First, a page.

Saturday, September 1, 2007

Equal Under the Law

"Equality under the law" has been on my mind since a couple Thursdays ago when I heard Governor and DNC Chairman Howard Dean give a brilliant keynote address to tribal leaders, tribal members and Campaign Camp attendees. His emphasis on that simple phrase has me thinking of the power and vision of the founders of this nation, the power and vision to invoke the law as the guarantor and protector of each individual's right to "life, liberty and the pursuit of happiness." That is a basic tenet of the Democratic Party - that every citizen of this country is equal under the law, a law that has evolved to include civil rights for African Americans, Native Americans and other ethnic minorities, voting rights for women, the right for couples of different races to marry, and slowly we will, as a society, come to accept that gay and lesbian citizens have the right to marry. This evolution of our system of laws serves as a testament to to the agility and adaptability of the foundation laid in the Declaration of Independence, the Constitution and the Bill of Rights. The tripartite system of government further ensures that the country will be able to grow and change to include a more complete and fuller union of all people who live in this land. The system of checks and balances that the founders set in motion operates to guarantee that our laws will be able to evolve to become more inclusive. That is so long as one branch of the government doesn't attempt to subvert the laws that in theory apply across the boards to all people. The fact that the current administration has usurped power and thumbed it's nose at the law doesn't diminish the value of the laws that have been thwarted. Rather it points up an important difference between the Republicans who have held the executive branch since it's dubious election "victory" back in 2000 and the Democratic Party whose record of upholding the rights of all Americans is far superior to the GOP. In short, the Democratic Party believes completely in "equality under the law," whereas the Republican Party believes that some citizens are more equal than others.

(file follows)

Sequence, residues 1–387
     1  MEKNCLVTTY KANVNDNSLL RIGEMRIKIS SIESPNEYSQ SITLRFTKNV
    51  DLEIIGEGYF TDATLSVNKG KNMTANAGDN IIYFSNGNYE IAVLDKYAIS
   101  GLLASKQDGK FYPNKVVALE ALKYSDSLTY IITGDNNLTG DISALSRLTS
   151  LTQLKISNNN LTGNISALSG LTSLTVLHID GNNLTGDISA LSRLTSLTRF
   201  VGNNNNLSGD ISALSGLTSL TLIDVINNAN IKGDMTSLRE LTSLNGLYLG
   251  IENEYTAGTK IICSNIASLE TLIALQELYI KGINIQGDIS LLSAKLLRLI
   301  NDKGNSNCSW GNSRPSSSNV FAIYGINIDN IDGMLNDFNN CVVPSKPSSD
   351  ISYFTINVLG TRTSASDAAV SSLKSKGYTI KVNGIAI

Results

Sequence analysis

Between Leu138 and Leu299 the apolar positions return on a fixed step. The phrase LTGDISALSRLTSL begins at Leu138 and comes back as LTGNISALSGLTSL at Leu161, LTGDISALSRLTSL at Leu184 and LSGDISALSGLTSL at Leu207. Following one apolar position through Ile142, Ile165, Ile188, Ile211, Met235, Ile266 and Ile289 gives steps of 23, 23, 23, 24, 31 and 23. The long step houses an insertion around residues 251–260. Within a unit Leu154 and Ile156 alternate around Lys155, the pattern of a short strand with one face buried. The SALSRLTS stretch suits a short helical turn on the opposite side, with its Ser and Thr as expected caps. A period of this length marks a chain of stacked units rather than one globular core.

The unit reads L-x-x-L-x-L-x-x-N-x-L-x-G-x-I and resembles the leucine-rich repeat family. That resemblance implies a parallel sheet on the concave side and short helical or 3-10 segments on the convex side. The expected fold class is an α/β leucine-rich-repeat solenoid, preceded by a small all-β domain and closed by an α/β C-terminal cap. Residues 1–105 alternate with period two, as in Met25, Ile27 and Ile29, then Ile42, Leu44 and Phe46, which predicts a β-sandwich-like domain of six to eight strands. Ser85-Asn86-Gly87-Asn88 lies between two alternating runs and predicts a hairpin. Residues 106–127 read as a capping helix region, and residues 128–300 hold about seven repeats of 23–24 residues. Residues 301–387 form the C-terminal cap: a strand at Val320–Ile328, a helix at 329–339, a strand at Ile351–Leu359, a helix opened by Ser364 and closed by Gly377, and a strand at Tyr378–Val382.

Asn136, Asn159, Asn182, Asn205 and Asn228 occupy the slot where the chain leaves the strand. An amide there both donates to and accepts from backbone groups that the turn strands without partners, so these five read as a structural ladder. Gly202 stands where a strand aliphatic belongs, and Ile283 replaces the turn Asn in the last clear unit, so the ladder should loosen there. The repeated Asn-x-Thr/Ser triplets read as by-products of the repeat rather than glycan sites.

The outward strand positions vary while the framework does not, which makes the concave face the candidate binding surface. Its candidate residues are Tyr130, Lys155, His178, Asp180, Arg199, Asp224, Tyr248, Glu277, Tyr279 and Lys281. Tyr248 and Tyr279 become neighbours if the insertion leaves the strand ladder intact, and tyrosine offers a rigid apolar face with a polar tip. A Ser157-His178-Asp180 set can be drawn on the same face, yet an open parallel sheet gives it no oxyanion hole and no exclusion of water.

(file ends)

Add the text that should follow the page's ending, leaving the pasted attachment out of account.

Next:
Numerous examples illustrate the significant differences between the Democratic Party and the GOP. For instance, the president's commutation of I "Scooter" Libby provides a blatant example of the current administration's belief that it and its members are above the law. This has been a hallmark of the current administration - from the vice president's confusing and highly suspect claim that he is neither fish nor fowl, that he answers to no subpoena, can claim executive privilege whenever it suits him, and again thumbs his nose at any suggestion that he be held accountable for any of his actions taken in our name, with our money, and on our behalf. There is also the obscenity that the poor of this country are bearing a disproportionally high burden in an illegal and immoral war in Iraq that is making Cheney and his cronies wealthier, while the Bush administration's policies add insult to injury by perpetuating the farce that has become the centerpiece of America's failed foreign policy/folly.

"Equal under the law" is not just a catch phrase, rather it is a fundamental precept of our country. The Bush administration has worked with much vigor to undermine this elemental principle in our nation. From firing Federal Attorneys who refused to prosecute dubious cases of "voter fraud" while turning a blind eye to true voter intimidation tactics that were undertaken to keep minority voters from voting or to make sure that even if they managed to vote that their votes would not be counted. The Civil Rights Division of the Department of Justice has languished over the last seven years while good career attorneys left the DoJ in droves, because of the politicization of the Department. See Bush Justice is a National Disgrace, by John S. Koppel, that appeared in the Denver Post on July 5, 2007.

These are reasons why I am a proud member of the Democratic Party. I am a true yellow-dog Democrat. I am ready and willing to support whoever earns the nomination from the Democratic Party in Denver next August. I will always work my tail off to fight for the rights of each and every human being on this planet to live in a society that is free and where justice ensures that a modicum of basic decency is afforded to every person, just because he/she is alive and therefore deserves respect as a fellow human being. Viva democracy. Long live the Democratic Party!

Here's an interesting essay on liberalism by Todd Gitlin that appeared in the Chronicle of Higher Education: The New Liberal Agenda


Anonymous said...

you're back!!! And up to your usual.

mfhadley said...

Sweet Anonymous,
When did I ever leave you?